4. Sir Mitch-A-Lot says:

    I’ve had four stones since September 2007. I’ve passed the first three. However, the fourth one, which was 4 mm, I couldn’t pass since finding out around last Veteran’s Day. January 13, 2015 was my surgery where I was left with a stent with the string attached. Today, six days later, I removed the stent myself roughly an hour ago. Now I’m not the one to leave any replies or comments but after reading several posts I’ve felt the need to reply. So many people, including myself, are scared about removing the stent themselves. This site, and comments from people like you, gave me the courage to self-remove. I was told to take an antibiotic pill, Ciprofloxacin, an hour prior to removal then when it’s time to stand in the shower and pull. After it’s removed I can take an anti-inflammatory (Ibuprofen) to help with any swelling within the ureter. Standing in the shower I wanted to pass out from being so darn nervous. Eventually, after like what seemed like eternity, I wrapped the string around my fingers and started to pull. I did notice a lot of urine slowly coming out. As I pulled I saw the string getting longer and longer. I kept pulling slowly and then noticed what looked like white tubing coming out. At this time I just pulled a little faster and before I knew it the whole stent was out and in my hand. After all of this, I think it only took me about 30 seconds to remove it after I started pulling. For pain, I would rate it as a level 1 or possibly 0 since there was no pain whatsoever. Just a tingling sensation as the white tubing started to exit. As I write this the only thing I feel is the feeling to urinate. Possibly from drinking 500mL (16.9 oz.) of water to take the pill. As stated, I felt the need to pass on my experience of self-removal to help others with any anxiety get through this process.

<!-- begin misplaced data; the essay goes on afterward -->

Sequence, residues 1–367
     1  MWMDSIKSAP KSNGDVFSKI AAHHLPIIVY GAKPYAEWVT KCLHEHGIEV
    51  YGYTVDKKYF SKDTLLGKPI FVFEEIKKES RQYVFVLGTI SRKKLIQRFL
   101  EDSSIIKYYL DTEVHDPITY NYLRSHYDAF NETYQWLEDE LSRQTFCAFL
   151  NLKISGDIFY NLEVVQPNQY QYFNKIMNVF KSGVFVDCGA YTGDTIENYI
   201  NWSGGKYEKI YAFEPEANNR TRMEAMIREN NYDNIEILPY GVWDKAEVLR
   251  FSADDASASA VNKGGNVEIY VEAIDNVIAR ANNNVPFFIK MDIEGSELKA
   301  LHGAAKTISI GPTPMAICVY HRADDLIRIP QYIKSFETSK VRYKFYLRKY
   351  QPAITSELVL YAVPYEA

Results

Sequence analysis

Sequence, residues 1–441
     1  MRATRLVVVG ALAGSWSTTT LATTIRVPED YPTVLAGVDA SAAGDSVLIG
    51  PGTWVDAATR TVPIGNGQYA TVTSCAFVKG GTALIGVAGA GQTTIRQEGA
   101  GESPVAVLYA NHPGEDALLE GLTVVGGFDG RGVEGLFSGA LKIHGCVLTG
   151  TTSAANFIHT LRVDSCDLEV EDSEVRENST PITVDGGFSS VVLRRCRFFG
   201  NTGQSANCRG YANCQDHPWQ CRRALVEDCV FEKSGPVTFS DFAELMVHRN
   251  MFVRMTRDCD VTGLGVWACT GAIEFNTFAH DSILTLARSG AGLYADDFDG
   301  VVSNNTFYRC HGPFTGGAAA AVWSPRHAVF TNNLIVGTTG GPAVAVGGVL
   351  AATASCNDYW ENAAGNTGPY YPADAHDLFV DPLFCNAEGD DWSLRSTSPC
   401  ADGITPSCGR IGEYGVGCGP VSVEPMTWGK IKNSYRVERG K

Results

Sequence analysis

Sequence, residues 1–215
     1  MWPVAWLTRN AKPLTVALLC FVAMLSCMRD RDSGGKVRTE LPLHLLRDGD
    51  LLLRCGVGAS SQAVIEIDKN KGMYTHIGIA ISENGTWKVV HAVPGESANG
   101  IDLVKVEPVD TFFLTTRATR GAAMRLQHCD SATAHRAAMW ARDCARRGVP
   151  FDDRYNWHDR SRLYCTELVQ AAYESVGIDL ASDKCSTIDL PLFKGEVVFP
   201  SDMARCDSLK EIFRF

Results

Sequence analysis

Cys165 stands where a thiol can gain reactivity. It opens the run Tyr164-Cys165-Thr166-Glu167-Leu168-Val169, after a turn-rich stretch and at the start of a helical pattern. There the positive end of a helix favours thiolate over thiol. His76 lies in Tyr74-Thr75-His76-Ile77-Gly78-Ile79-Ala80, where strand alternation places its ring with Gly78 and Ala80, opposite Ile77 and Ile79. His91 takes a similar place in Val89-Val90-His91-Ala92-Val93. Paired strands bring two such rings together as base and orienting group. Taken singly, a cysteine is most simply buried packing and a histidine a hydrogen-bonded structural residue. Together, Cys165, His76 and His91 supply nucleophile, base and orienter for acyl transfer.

5. I HAD A STONE THAT WAS TO LARGE TO REMOVE SO THEY PUT A STINT IN AT THE LOCAL VA IN AUGUSTA GA. THE STONE WAS DISSOLVED BY DRINKING A SYRUP MIXED WITH WATER. I WENT BACK FOR THE STINT REMOVAL IN JUNE OF 2014 AND THE DOCTOR SAID HE WAS GOING TO REMOVE IT WITHOUT PUTTING ME TO SLEEP? I ASKED HIM WHY? WHEN I WAS PUT TO SLEEP WHEN THEY PUT IT IN, AND DID THE SCOPE AT THE SAME TIME?? HE SAID AT MY AGE OF 69 THEY DID NOT LIKE TO PUT US TO SLEEP FOR FEAR WE MIGHT NOT WAKE UP!!! I WATCHED HIM REMOVE IT ON A TV SCREEN BESIDE ME USING A CREAM INSERTED INSIDE MY PENIS. HE JERKED IT OUT VERY FAST AND SWUNG IT OVER HIS HEAD. THIS ACTUALLY DID NOT HURT BUT NOW AFTER TWO WEEKS I HAVE STARTED BURNING WHEN I PEE. I WENT IN TO THE EMERGENCY ROOM AND GAVE THEM A URINE SAMPLE AND THEY SAID I HAD (NO INFECTION) I LATER WENT BACK AFTER NOT BEING ABLE TO STAND THE BURNING ANY LONGER AND GAVE ANOTHER URINE SAMPLE AND NOW I HAVE A UTI THEY SAY, A URINE CULTURE WAS ORDERED BUT NEVER DONE?? I THEN WENT BACK AND WAS GIVEN SULFUR DRUGS WHICH I FINISHED BUT AM STILL BURNING WHEN I PEE. MY PRIMARY CARE DOCTOR HAS NOW PUT ME ON AN ANTIBIOTIC CALLED LEVOFLOXACIN 250 MG TAB ONE A DAY FOR 10 DAYS. I HAVE TAKEN ALMOST ALL OF THIS BUT I AM STILL BURNING WHEN I PEE. HE ORDERED A CULTURE OF MY URINE TO BE DONE AND WILL CALL ME WITH THE RESULTS THIS WEEK. TODAY IS 1/18/2015….I GREW UP IN A MEDICAL FAMILY AS MY FATHER WAS A INTERNAL MEDICINE DOCTOR AND LATER WENT INTO PATHOLOGY. I WANT TO KNOW WHY I AM STILL BURNING AFTER ALL THIS TIME???? I HAVE NOT BEEN ABLE TO HAVE SEX WITH MY WIFE NOW FOR ALMOST A YEAR!!!